The Probable Repercussions of a US Decision To Grant or Deny Military Aid To Pakistan
To estimate the repercussions, particularly in India and Pakistan, of (a) a US decision to grant a modest amount of military aid to Pakistan and (b) a US decision not to grant such aid.[Page 1840]
- That a military aid program for Pakistan would be of modest proportions and from a realistic military view point would not threaten India’s present military preponderance in the subcontinent.
- That the military aid agreement would not involve establishment of US military bases or a formal US–Pakistani mutual assistance commitment.
- That the US would (a) make every effort to reassure India that aid to Pakistan was not directed against it; and (b) undertake to discourage Pakistani military aggression against Indian-held territory.
- That a decision on military aid to Pakistan would not be announced before 23 January, when the Korean POW’s will presumably be released from the custody of India in Korea, but would be announced shortly thereafter.
- A US decision to extend military aid to Pakistan would have
the following effects:
- It would increase the Pakistan Government’s prestige at home and tend to consolidate the government’s present friendly relations with the US.
- It would arouse grave concern and indignation in India and lead to increased tensions in the subcontinent. US efforts to mitigate these reactions are unlikely to have any significant effect.
- It would lead to an intensification of existing differences in US–Indian relations and possibly to more friendly Indian relations with the Bloc, but would probably not lead to any major change in India’s foreign policies.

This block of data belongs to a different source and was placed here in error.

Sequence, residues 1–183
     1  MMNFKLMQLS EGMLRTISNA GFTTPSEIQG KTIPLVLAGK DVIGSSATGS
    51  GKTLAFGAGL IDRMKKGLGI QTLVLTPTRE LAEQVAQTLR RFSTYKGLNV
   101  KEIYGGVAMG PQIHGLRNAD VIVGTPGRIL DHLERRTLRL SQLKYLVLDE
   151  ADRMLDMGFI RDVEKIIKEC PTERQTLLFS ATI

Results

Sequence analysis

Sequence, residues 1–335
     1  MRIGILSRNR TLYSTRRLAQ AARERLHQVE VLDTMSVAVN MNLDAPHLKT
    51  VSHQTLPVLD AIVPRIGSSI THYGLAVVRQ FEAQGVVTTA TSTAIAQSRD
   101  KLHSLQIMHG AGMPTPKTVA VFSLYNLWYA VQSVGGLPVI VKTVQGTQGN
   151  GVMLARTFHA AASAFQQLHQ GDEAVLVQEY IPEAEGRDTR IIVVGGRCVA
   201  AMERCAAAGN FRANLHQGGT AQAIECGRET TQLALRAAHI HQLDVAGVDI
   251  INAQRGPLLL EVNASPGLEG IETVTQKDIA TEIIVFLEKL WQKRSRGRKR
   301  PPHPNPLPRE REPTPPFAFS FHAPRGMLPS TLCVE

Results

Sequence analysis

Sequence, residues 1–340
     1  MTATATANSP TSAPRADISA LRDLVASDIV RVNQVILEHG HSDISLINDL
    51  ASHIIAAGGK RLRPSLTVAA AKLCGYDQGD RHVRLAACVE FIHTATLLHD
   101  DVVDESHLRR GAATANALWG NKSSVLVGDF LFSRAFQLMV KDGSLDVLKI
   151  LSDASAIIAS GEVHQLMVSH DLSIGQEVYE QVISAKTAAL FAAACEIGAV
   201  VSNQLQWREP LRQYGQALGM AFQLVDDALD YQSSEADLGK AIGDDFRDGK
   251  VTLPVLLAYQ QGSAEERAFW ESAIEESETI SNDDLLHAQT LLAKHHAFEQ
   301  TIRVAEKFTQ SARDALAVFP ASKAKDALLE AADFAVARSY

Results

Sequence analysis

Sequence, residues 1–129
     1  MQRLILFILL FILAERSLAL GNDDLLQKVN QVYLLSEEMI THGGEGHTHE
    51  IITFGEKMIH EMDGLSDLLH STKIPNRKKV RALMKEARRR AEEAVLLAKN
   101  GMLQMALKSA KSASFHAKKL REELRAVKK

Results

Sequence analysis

- Over the course of time the violence of Indian feeling would, in the absence of exacerbating circumstances, tend to subside. However, there is a danger that frictions and disagreements between the US and India might be aggravated as a result of continuing resentment. Such a development would make it easier for India to drift into an eventual position of isolation from Western friendship and support, in which it would be more susceptible to Communist pressures.
- A US decision not to grant military aid
to Pakistan would have the following effects:
- It would mean a loss of US prestige, since India has protested violently against such aid and the USSR and Communist China have registered objections.
- It would cause grave disappointment to the Pakistan Government, weaken the position of pro-Western moderate elements now in control, and possibly lead to cabinet changes even including the Prime Minister. It would probably not, however, result in the present ruling group losing control of the government. The Pakistan Government would feel strong resentment toward India, since Pakistani leaders would ascribe a negative US decision to Indian pressure.
- The US would not bank any enduring credit with India, nor would there be any improvement in present Indian-Pakistani relationships. Moreover, Indian leaders might be encouraged to use pressure tactics against the US on other occasions.
- The reactions of other governments to a US decision concerning military aid to Pakistan would probably not be such as to involve any major changes in present policies.